Model-Free Reconstruction of Excitatory Neuronal Connectivity from Calcium Imaging Signals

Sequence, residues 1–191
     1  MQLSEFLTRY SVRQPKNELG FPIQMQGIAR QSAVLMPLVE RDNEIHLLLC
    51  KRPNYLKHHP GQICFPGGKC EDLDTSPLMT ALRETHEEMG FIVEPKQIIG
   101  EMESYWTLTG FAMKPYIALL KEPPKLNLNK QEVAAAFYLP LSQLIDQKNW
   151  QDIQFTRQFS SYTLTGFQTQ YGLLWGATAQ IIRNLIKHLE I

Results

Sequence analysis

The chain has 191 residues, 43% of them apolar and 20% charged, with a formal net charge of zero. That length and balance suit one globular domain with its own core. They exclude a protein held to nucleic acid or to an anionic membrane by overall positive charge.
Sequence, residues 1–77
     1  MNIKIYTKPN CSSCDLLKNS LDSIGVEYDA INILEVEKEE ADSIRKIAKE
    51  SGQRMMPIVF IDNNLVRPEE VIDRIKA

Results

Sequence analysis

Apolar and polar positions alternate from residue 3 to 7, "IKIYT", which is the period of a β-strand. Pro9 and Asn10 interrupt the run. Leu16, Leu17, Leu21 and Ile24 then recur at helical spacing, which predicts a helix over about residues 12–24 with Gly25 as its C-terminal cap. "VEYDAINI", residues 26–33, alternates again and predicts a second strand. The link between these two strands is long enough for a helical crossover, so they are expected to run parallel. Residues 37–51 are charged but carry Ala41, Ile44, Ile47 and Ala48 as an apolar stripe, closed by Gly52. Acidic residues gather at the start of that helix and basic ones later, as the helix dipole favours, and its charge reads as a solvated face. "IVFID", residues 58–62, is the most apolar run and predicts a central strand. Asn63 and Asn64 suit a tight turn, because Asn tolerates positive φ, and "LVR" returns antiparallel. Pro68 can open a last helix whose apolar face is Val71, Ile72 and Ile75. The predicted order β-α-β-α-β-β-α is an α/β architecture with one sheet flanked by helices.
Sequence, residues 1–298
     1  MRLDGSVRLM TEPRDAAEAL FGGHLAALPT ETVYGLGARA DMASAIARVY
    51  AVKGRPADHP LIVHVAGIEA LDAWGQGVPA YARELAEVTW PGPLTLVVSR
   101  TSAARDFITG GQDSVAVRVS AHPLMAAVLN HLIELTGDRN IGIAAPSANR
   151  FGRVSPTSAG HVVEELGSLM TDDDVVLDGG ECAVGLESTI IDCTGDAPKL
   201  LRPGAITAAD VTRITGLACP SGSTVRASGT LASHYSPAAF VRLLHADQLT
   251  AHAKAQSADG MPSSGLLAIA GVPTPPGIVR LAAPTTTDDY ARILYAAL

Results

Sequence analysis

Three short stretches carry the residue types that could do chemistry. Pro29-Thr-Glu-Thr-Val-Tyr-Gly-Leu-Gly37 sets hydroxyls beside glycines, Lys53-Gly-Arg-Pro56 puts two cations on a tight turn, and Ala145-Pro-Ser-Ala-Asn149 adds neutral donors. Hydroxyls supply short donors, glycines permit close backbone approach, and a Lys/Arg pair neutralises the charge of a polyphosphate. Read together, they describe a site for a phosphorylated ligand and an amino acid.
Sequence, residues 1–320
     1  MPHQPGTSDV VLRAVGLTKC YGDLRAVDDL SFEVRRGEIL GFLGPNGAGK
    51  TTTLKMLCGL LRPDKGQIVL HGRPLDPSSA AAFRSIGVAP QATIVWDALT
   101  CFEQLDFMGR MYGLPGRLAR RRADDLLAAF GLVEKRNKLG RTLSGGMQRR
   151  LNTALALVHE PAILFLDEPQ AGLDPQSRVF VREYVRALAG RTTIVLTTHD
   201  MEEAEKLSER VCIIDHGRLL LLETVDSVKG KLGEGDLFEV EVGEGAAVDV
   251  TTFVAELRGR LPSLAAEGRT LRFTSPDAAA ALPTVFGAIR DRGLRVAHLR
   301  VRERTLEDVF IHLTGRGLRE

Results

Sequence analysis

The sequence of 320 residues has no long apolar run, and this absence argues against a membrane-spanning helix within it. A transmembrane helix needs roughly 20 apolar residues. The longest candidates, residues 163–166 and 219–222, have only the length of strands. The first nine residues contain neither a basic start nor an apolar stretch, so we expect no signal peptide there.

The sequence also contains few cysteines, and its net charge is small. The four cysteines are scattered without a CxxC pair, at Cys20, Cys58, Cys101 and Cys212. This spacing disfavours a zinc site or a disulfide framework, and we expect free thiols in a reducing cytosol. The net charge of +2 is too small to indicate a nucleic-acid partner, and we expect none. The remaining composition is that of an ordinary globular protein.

A systematic assessment of global neural network connectivity through direct electrophysiological assays has remained technically infeasible, even in simpler systems like dissociated neuronal cultures. We introduce an improved algorithmic approach based on Transfer Entropy to reconstruct structural connectivity from network activity monitored through calcium imaging. We focus in this study on the inference of excitatory synaptic links. Based on information theory, our method requires no prior assumptions on the statistics of neuronal firing and neuronal connections. The performance of our algorithm is benchmarked on surrogate time series of calcium fluorescence generated by the simulated dynamics of a network with known ground-truth topology. We find that the functional network topology revealed by Transfer Entropy depends qualitatively on the time-dependent dynamic state of the network (bursting or non-bursting). Thus by conditioning with respect to the global mean activity, we improve the performance of our method. This allows us to focus the analysis to specific dynamical regimes of the network in which the inferred functional connectivity is shaped by monosynaptic excitatory connections, rather than by collective synchrony. Our method can discriminate between actual causal influences between neurons and spurious non-causal correlations due to light scattering artifacts, which inherently affect the quality of fluorescence imaging. Compared to other reconstruction strategies such as cross-correlation or Granger Causality methods, our method based on improved Transfer Entropy is remarkably more accurate. In particular, it provides a good estimation of the excitatory network clustering coefficient, allowing for discrimination between weakly and strongly clustered topologies. Finally, we demonstrate the applicability of our method to analyses of real recordings of in vitro disinhibited cortical cultures where we suggest that excitatory connections are characterized by an elevated level of clustering compared to a random graph (although not extreme) and can be markedly non-local. Unraveling the general organizing principles of connectivity in neural circuits is a crucial step towards understanding brain function. However, even the simpler task of assessing the global excitatory connectivity of a culture in vitro, where neurons form self-organized networks in absence of external stimuli, remains challenging. Neuronal cultures undergo spontaneous switching between episodes of synchronous bursting and quieter inter-burst periods. We introduce here a novel algorithm which aims at inferring the connectivity of neuronal cultures from calcium fluorescence recordings of their network dynamics. To achieve this goal, we develop a suitable generalization of Transfer Entropy, an information-theoretic measure of causal influences between time series. Unlike previous algorithmic approaches to reconstruction, Transfer Entropy is data-driven and does not rely on specific assumptions about neuronal firing statistics or network topology. We generate simulated calcium signals from networks with controlled ground-truth topology and purely excitatory interactions and show that, by restricting the analysis to inter-bursts periods, Transfer Entropy robustly achieves a good reconstruction performance for disparate network connectivities. Finally, we apply our method to real data and find evidence of non-random features in cultured networks, such as the existence of highly connected hub excitatory neurons and of an elevated (but not extreme) level of clustering.